14% rise in mortgage lending year-on-year

14% rise in mortgage lending year-on-year

UK Finance has stated that strength in remortgage activity amongst homeowners, alongside stronger first-time buyer numbers, are likely to have been the drivers of mortgage lending in October, as its estimate showed £23.1 billion borrowed, 14% higher than a year ago.

Two-thirds of this was carried out by high street banks, which translated to £15.3 billion.

At 7.1%, total amount of credit outstanding grew at a slower pace in October compared with the previous month, while the growth in credit card borrowing remains strong, partly driven by the inflation rate. Growth in credit outstanding by high street banks was 5.1%, which also represents a slower pace than seen in September.

The trade body said latest figures from the high street banks suggest that businesses continue to exercise a cautious approach to borrowing with survey indicators showing demand for credit from smaller and medium sized businesses falling in the third quarter.

Mohammad Jamei, UK Finance’s senior economist, said: “The anticipated bank rate rise saw a flurry of remortgage activity as many homeowners took advantage of the competitive rates on offer. Borrowing was also boosted by stronger first-time buyer activity as this segment benefitted from good credit availability, lower rates and government housing schemes.

“In terms of saving, consumer deposits grew at a slower rate in October, while businesses have continued the trend of bolstering their cash reserves amidst a cautious business landscape due to Brexit uncertainties.”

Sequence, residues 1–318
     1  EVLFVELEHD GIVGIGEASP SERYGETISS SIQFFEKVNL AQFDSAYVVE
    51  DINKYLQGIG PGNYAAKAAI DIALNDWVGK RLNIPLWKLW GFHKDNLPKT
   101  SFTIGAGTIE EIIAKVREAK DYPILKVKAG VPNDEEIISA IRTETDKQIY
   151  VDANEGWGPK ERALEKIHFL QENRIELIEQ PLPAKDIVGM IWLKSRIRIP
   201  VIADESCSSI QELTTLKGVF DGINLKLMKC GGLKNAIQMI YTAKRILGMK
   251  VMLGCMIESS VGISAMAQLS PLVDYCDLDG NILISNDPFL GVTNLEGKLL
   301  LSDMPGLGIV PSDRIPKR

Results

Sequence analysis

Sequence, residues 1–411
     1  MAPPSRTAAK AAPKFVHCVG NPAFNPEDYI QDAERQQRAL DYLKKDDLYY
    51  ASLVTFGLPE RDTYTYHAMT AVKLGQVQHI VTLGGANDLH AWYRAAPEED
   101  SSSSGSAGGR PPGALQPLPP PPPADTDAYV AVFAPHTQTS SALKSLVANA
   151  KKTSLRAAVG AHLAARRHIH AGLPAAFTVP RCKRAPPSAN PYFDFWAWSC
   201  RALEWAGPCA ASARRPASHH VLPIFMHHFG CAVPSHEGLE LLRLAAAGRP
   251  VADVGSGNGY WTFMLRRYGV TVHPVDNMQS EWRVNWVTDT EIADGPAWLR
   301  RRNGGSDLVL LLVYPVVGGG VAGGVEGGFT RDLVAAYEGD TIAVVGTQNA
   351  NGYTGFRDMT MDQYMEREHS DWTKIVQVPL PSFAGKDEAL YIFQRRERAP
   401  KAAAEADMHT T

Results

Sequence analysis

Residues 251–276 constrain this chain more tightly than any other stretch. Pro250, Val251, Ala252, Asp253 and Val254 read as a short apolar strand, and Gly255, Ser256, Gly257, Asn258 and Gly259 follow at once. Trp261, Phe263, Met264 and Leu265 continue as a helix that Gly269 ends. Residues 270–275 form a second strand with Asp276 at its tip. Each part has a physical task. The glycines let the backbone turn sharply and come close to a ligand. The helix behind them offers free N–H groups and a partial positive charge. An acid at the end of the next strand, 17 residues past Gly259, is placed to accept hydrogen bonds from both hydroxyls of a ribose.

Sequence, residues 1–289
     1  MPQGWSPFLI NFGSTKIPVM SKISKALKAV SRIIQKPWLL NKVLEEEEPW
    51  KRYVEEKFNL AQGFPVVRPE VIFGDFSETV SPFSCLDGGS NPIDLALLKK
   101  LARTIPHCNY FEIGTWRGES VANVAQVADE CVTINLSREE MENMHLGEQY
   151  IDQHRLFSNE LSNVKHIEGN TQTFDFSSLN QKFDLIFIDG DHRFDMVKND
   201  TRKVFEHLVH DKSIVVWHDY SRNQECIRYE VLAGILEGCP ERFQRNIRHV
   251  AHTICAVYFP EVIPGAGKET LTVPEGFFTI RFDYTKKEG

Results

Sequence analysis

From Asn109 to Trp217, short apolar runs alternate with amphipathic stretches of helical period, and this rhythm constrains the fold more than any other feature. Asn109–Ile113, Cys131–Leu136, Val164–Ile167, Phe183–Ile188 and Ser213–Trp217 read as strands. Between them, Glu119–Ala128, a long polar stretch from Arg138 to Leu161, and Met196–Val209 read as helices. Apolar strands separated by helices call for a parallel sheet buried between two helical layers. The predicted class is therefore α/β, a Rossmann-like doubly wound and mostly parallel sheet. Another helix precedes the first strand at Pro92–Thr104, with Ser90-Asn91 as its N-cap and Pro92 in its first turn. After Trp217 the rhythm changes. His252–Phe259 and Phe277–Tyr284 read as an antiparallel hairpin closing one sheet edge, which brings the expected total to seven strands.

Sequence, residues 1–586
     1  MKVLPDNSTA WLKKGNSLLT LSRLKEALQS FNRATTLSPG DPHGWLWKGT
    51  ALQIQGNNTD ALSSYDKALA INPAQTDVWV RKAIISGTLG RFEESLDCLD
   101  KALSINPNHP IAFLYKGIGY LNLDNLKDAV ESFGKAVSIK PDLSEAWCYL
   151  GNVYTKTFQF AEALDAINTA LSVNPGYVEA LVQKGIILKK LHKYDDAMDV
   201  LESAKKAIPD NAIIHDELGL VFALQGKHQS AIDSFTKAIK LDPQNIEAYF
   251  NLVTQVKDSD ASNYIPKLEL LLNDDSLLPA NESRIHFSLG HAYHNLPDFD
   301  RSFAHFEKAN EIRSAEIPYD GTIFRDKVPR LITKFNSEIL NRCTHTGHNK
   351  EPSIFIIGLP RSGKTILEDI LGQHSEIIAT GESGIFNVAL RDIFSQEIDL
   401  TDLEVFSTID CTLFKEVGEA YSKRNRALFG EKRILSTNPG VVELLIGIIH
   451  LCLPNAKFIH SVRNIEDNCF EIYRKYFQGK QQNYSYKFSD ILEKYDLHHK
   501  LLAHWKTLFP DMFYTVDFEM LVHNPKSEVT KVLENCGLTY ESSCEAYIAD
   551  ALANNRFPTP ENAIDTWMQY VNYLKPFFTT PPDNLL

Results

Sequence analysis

Nick Chadbourne, chief executive of LMS, added: “Strong mortgage lending in October paints a positive picture going forward.

“With mortgage activity 14% higher than the previous year, one month before the rise in the Bank rate, it will be interesting to see how the interest rate change will impact consumer activity going forward. Reminding borrowers that today’s affordability will not last forever, the small increase will potentially further incentivise the market to capitalise on staggeringly low rates now, and lock-in to five-year fixed deals while they still have the opportunity.

“Similarly, the small increase should encourage first time buyers to act now, before rates increase, and benefit from the Chancellor’s recent stamp duty cut for the lower thresholds.”